It is rare when a show exceeds my expectations and even more rare when many shows do. This spring, three shows blew me away with their – very different – strengths.
Damn Yankees: my first reaction after seeing the opening-night performance of Damn Yankees at the Shaw Festival was a desire to tell all the cynics, who don’t see the value in remounting the slighter offerings of the Broadway musical canon, to make their way to Niagara-on-the-Lake and take in this show. Yes, this is a slight, rather oddball, musical that gives a Faustian twist to the American obsession with baseball by giving an older fan a deal with the devil to help his home team win. But in the expert hands of director Brian Hill, it is so much more.
Right from the word go the spirit and heart of this production is right on the money. It could have been cheesy and over the top, but it is not. Hill clearly understands the material inside and out and along with his expert creative team sets exactly the right tone and style so that we are taken along the deliciously comic journey, and at the same time gain an increasing recognition of the simple heartfelt values – love, honesty, loyalty – that lie at the heart of the story.
Personifying these qualities from the beginning is the young version of Joe – the transformed ball player – on opening night played by understudy Drew Plummer in a star-making performance of gorgeous singing and wonderful heartfelt acting. The repeated duet sung by Joe with his wife Meg becomes the beating heart of the simple values at the centre of the whole show. Kimberley Rampersad as the vamp sidekick-to-the-devil, Lola, is also wonderful. Her performance begins in the expected broad style but grows in depth and detail to become as moving as that of Joe, to the point where, in the delicious jazzy number near the end: Two Lost Souls, one almost wants them to be able to stay together. Allison Plamondon’s choreography plays an important role in creating the light and shade of this world from her Fosse/Jerome Robbins/Fred Astaire moves for Two Lost Souls to the inspired goofiness of Who’s Got the Pain performed by Lola and the entire baseball team.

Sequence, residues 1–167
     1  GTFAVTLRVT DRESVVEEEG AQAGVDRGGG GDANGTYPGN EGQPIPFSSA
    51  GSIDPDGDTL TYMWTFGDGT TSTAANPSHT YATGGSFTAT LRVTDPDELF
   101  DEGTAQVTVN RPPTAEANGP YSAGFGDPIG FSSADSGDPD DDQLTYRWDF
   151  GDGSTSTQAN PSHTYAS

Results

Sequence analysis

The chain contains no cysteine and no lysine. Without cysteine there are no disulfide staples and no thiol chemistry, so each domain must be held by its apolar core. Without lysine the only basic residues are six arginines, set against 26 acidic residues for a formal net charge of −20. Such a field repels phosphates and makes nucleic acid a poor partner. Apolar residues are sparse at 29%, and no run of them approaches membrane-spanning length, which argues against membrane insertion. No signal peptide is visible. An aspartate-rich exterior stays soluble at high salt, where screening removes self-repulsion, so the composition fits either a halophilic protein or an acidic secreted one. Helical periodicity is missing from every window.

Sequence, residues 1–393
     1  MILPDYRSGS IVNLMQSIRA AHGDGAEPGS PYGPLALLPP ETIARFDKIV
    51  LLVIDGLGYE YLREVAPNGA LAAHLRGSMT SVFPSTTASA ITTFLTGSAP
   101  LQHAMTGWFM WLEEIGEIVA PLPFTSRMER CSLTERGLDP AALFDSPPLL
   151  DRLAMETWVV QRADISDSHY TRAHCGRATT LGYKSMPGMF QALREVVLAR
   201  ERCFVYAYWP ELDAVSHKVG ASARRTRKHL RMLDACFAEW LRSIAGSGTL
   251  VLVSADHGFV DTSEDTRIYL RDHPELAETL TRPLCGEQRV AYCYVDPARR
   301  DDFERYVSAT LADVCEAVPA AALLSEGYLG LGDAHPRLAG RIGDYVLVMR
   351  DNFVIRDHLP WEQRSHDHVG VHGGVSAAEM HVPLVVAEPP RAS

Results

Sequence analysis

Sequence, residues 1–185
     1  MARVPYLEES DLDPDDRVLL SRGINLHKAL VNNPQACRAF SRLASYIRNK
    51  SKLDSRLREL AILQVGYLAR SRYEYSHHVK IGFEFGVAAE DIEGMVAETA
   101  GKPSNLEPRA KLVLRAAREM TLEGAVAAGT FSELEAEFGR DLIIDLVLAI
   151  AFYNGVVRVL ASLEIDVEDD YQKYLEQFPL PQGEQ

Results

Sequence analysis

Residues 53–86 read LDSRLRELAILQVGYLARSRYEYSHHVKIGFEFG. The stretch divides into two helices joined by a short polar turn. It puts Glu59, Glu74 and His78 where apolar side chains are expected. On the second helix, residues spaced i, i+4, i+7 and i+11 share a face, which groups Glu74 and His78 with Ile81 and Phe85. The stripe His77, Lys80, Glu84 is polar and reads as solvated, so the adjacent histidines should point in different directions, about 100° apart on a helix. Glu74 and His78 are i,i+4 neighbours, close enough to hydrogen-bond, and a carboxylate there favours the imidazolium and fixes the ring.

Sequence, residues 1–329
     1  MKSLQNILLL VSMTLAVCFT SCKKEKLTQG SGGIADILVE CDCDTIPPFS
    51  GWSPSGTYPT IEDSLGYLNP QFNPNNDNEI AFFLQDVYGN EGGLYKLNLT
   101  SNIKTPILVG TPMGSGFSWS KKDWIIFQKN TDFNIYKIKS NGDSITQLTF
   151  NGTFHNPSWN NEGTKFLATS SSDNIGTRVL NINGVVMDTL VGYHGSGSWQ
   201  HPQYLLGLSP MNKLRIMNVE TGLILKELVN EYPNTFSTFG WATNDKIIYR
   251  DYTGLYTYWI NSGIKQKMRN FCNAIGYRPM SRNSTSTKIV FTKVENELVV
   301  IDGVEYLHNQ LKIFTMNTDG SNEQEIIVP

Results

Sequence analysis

Plummer and Mike Nadajewski, who plays Mr. Applegate (the devil) with great glee, can both also be seen in a concert performance of A Year With Frog and Toad, one of the many outdoor musical offerings at Shaw to take in along with your indoor performance. www.shawfest.com
Dixon Road, with book, lyrics and music all by Fatuma Adar, was commissioned by the Musical Stage Company in 2017 and the show had its opening on June 9 in the outdoor amphitheatre in High Park. As I wrote previously, my hopes for the show were high; my expectations were exceeded by the wonderful depth to the writing of both the book and music.
Telling the story of a Somali family who immigrate to Canada in 1991, as civil war begins to tear their homeland apart, Dixon Road deals with difficult issues and hard times; but infused throughout is a wonderful, rather wacky, sense of humour that leavens the darker material and makes the audience take these characters to their hearts. The music is also wonderfully infectious. Its mix of R&B, hip-hop, traditional Somali melodies and contemporary musical theatre idioms works. My only complaint is that the run was so short I couldn’t go back and see it again.
2 Pianos 4 Hands: To finish my spring roundup, I have to add that Two Pianos Four Hands which just opened at the Royal Alexandra Theatre, starring its creators and original performers, Ted Dykstra and Richard Greenblatt, is as fresh and clever and laugh-out-loud funny as it was when it burst on the scene 25 years ago. It runs until July 17.